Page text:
If they implement that level of control, they will have killed the golden goose.
There are two issues here: The government setting salaries for those companies that have accepted and have not repaid TARP funds and setting compensation for those who have either not accepted or repaid. Banks routinely place restrictions on compensation and payment of dividends by the borrower until the loan is repaid. This is just prudent lending. As long as the government is the lender, it too should do so. If the government has been repaid or never lent, it should keep its nose out of the matter. This latter right recently proposed by the FED scares the me.
Isn’t the issue of crazy executive salaries stemming from the salaries being set in many cases by a board of directors that consists of...... executives? Maybe of other companies though?
IMHO, one major problem with the corporate world is that the executives are operating on a ‘get-in’ make $$ ‘get-out’ mentality that is not punished by bad results, and is usually very shortsighted. Its an ethics/morality kind of thing that the government cannot regulate.
The larger a corporate entity is, the more insulation the execs have fron Joe stockholder and Josephine consumer. Until a better, cheaper option comes to the market.
What about some of the firms and small banks forced to take TARP so they could lend it to the banks? What happens when their pay gets limited, and they had no choice?
My secretary were paid extremely well compared to others in NYC. In fact, in most years I paid her a bonus equal to her salary. The support staff, mostly young MBA's, were also paid handsomely out of the fees I generated, but their comp was decided by the Department Head with input from me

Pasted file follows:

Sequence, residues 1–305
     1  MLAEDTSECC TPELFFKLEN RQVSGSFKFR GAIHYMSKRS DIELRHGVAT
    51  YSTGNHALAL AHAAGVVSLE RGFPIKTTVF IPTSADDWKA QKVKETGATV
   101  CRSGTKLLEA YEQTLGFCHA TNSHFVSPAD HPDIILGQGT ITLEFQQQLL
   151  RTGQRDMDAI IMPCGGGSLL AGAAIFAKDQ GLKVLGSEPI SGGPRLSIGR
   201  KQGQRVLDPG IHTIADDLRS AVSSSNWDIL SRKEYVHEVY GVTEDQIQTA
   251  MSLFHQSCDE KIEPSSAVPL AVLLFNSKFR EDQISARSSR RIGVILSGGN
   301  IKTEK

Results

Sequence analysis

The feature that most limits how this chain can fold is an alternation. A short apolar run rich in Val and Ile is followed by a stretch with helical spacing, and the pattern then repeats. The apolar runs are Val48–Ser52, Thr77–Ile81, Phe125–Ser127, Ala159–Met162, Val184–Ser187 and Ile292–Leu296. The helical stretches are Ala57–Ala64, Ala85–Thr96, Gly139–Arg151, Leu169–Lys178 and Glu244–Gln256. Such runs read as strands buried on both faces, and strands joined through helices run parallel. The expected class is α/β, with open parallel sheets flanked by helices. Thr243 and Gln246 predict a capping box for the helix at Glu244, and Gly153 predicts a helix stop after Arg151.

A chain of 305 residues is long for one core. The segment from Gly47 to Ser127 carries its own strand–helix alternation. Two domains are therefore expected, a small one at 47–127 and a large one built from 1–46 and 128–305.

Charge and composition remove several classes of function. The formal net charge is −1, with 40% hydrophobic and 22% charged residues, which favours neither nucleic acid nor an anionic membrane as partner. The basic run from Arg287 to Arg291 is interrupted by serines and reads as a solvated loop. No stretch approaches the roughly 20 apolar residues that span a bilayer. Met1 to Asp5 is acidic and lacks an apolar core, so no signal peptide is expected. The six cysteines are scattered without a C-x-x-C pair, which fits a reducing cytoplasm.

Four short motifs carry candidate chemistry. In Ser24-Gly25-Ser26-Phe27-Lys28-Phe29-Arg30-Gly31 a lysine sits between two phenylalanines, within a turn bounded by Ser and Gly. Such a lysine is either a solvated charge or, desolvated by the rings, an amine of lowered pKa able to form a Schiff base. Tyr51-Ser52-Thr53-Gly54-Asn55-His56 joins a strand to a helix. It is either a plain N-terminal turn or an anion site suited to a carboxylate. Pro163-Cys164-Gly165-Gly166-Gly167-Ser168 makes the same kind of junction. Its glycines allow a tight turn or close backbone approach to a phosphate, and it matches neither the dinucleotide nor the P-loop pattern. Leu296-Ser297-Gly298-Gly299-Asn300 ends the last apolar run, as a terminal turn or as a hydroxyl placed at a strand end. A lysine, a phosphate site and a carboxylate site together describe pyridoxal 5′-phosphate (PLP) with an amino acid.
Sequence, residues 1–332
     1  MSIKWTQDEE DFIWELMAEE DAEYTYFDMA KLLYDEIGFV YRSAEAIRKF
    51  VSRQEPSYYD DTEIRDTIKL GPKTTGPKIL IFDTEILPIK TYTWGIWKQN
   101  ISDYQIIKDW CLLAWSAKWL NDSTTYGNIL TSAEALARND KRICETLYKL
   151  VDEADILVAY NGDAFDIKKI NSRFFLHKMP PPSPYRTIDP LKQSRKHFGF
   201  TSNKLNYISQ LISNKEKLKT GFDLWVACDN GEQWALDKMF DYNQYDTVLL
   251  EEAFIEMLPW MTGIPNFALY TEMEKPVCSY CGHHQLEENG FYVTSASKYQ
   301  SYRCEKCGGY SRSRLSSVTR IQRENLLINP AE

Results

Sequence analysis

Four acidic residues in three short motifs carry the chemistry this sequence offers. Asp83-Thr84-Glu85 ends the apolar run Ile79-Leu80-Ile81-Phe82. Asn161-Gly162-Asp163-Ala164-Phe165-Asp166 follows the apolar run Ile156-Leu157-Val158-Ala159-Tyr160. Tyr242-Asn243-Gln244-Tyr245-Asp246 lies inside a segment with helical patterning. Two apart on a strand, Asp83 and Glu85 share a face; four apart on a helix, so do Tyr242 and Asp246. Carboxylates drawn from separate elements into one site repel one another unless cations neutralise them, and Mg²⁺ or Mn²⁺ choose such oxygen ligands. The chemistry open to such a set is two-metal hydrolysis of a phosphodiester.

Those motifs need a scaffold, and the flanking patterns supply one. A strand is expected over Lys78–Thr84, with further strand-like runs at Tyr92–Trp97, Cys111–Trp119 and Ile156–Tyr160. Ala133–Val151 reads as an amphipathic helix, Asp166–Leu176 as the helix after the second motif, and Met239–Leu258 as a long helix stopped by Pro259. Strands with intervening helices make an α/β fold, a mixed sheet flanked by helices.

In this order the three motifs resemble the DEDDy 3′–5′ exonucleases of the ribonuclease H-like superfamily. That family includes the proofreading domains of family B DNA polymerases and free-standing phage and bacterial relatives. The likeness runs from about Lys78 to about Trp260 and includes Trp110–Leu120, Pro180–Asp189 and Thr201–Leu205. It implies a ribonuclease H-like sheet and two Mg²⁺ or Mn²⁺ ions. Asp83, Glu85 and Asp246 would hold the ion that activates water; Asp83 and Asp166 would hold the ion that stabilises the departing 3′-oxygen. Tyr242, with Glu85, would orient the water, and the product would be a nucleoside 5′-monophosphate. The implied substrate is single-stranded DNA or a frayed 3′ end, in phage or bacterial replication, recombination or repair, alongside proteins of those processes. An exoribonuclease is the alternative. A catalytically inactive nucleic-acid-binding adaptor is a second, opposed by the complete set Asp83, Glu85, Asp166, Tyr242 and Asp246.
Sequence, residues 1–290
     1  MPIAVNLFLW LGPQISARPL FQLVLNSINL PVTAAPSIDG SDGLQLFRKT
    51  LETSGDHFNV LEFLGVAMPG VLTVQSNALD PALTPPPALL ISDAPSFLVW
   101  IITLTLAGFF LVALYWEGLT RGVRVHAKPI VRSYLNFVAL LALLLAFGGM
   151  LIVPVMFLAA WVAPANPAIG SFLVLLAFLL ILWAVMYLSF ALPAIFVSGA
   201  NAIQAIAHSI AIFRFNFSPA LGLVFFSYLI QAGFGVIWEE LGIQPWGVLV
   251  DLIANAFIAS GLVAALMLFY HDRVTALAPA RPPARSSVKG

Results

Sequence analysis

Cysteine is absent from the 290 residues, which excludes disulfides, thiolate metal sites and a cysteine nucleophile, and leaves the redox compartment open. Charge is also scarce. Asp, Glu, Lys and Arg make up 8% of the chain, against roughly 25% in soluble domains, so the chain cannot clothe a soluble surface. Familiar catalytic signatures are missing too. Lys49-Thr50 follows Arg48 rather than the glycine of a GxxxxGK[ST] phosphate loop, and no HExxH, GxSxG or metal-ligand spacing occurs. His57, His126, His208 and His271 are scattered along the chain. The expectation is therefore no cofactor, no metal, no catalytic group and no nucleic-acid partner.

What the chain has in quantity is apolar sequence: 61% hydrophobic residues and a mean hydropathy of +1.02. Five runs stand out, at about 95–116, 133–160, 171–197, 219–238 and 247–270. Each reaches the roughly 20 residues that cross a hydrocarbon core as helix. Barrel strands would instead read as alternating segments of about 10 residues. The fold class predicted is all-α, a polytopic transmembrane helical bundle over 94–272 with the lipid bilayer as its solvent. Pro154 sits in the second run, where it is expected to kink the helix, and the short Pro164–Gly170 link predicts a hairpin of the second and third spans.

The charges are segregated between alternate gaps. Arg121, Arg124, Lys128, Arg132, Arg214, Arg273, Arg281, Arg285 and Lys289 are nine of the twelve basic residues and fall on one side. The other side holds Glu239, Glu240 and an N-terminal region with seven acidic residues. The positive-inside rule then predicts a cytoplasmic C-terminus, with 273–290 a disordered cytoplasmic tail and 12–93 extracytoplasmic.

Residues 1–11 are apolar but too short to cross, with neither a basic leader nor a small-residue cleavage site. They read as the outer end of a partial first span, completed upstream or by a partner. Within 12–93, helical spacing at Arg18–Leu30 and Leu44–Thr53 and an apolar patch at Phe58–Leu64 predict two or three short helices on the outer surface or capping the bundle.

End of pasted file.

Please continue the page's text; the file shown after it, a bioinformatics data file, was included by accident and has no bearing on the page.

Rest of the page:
But as you can see, as a senior investment banker, my pay (except for a small salary) was almost all bonus. It was big but the pressure was intense.
Wall St firms compete with each other (i.e. the investment bankers at my firm competed with those at other for the same deals) and the more they are payed, the smarter they get (odd isn't it).
Also, the more the bankers are paid, the more creative they get. That is a good thing but also a bad thing. It is this arrangement that requires the firms to have good commitment committees to review and decide to put the firms capital behind such deals.
As a final note, if I hadn't made a lot of money for the firm, not only would I have received a minor (or no) bonus, but I would have had my staff removed (and possibly fired) and I might have even been fired. If I had been fired for poor performance, word would spread around Wall St and my career would have been over.